Home | News | Reviews | Previews | Hardware
Afro Samurai
Score: 79%
ESRB: Mature
Publisher: Surge
Developer: NAMCO BANDAI Games America
Media: Blu-ray/1
Players: 1
Genre: Action/ Adventure/ Fighting

Graphics & Sound:
Let me cut to the chase. I have never seen an entire episode of the Afro Samurai anime. I am familiar with it, I have seen the commercials and I know a little about it from friends, but I wouldn't identify myself as the type of person that Afro Samurai is aimed towards. That being said, the time I spent with Afro Samurai was very enjoyable and now I'm browsing Amazon.com for the anime on DVD so I can see what I missed.

I think that qualifies it as a success. I was a complete newcomer to the series and walked away very impressed. Sure, there are a few shortcomings, but the good definitely outweighs the bad.

One of the most important facets of the anime is its fantastic art style and animation. So, it should be no surprise that the visuals were top priority in Afro Samurai. The developers used a cel-shaded art style mixed with excellent animations to rival the show and in some cases, outshine it. Most of the time, the framerate is smooth and only hiccups when there is too much action on the screen. I didn't notice too many visual glitches and even the ones I did notice, it wasn't anything that ruined the moment.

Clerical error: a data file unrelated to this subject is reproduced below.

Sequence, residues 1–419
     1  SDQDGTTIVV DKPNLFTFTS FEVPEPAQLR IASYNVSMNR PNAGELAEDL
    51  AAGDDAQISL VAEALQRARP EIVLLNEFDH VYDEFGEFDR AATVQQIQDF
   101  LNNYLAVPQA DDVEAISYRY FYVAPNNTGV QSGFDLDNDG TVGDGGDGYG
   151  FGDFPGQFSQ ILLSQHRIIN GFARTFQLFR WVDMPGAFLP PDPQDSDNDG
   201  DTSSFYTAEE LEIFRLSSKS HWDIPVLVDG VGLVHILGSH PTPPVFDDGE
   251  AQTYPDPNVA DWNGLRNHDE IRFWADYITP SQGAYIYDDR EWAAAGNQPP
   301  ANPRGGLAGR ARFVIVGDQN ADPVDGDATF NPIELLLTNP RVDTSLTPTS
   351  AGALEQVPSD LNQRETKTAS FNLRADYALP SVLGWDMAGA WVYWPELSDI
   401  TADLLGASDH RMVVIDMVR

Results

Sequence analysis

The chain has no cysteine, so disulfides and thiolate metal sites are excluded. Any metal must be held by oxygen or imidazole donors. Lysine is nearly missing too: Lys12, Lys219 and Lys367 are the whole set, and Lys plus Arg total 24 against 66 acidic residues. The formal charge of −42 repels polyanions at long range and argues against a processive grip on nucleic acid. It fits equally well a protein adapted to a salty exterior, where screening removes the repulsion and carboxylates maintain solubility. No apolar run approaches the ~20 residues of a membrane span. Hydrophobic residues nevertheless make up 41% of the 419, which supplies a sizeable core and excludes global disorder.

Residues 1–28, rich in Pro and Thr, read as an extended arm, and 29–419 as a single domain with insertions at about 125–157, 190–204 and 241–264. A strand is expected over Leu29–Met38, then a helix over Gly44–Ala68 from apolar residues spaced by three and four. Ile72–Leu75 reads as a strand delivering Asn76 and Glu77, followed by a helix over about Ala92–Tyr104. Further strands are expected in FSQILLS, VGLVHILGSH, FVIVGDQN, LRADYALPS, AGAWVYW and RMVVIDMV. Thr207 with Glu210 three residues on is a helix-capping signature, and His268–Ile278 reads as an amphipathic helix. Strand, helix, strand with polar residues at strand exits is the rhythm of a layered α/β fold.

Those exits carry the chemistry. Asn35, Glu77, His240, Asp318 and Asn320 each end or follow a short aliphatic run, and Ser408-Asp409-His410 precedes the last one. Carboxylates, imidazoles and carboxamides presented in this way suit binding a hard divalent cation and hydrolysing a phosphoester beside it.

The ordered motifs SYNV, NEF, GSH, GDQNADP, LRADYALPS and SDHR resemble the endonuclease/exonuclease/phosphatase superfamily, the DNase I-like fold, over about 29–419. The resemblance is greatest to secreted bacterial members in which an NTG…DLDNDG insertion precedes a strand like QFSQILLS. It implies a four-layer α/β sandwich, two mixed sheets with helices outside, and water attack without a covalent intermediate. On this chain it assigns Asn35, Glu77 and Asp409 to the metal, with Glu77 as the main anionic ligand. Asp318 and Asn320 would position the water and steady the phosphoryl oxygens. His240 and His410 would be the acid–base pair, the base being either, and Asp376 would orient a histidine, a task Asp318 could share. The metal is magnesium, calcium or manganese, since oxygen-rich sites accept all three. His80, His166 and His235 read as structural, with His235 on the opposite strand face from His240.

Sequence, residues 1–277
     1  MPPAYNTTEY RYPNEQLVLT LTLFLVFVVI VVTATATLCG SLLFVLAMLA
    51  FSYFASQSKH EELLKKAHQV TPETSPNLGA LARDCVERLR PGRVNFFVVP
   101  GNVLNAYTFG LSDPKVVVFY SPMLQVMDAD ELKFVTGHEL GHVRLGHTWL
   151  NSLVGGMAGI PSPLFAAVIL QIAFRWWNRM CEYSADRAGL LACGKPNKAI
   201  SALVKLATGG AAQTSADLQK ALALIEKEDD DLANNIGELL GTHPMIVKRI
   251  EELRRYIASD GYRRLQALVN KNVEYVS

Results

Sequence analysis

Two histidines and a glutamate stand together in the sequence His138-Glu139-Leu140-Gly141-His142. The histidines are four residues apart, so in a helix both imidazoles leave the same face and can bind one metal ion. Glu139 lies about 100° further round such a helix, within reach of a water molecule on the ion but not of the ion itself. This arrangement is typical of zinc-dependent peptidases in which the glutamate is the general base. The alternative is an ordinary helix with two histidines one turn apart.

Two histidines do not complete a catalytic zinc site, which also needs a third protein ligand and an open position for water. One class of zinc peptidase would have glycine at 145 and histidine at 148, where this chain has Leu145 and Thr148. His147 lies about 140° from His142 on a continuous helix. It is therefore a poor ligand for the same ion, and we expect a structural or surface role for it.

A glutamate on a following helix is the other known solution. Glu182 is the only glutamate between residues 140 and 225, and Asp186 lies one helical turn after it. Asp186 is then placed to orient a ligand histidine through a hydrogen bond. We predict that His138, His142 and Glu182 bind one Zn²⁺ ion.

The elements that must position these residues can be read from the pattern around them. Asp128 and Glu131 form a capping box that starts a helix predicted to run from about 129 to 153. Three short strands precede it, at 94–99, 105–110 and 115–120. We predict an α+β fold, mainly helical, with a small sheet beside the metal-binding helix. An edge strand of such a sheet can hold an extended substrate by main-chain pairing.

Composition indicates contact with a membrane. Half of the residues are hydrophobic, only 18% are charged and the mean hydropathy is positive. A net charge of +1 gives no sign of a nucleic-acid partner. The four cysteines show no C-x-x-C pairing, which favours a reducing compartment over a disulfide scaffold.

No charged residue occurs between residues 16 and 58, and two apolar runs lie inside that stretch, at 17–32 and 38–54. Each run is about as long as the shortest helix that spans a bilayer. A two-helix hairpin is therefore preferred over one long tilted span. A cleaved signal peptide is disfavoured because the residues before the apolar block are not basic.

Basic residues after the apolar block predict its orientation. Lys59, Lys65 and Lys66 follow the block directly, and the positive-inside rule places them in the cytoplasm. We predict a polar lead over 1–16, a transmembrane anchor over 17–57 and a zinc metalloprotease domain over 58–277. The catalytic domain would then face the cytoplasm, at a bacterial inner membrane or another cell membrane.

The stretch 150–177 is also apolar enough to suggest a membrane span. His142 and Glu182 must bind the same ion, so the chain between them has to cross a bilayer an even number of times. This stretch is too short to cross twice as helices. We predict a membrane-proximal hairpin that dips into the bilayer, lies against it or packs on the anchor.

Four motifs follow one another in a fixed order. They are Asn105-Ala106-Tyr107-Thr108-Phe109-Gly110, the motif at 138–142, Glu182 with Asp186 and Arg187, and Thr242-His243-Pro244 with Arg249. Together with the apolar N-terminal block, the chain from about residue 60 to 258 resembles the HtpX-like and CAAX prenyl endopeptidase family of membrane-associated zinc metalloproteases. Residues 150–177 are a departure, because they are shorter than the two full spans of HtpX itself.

I was simply astounded by the soundtrack. The tracks and beats made by RZA (from Wu-Tang Clan) are incredible. A sweet hip-hop soundtrack accompanies the samurai slaughter all throughout Afro's adventure. The only complaint is that there isn't enough of it. The filler stuff is fine, but I really dug the moments when the music swelled up and forced me to bob my head to the rhythm while I hacked away at some cronies.

To be fair, I did notice some audio glitches during a few cutscenes involving voiceovers. Since the voicework is as great as the soundtrack, the few times it skips are very obvious. Knowing that they got the stars of the show including Samuel L. Jackson and Ron Perlman to reprise their roles, having their great performances marred by audio skipping is a shame. I don't know if the glitches are specific to the PS3, but a patch would make everything better.


Gameplay:
Afro Samurai follows the story of a man named Afro. Afro has been traveling in feudal Japan for many years since he witnessed his father's death. His dad was ranked the number one warrior in all the land and had the headband to prove it. The number two was the one that killed Afro's father and ever since that day, Afro has been on a mission of vengeance to kill the former number two.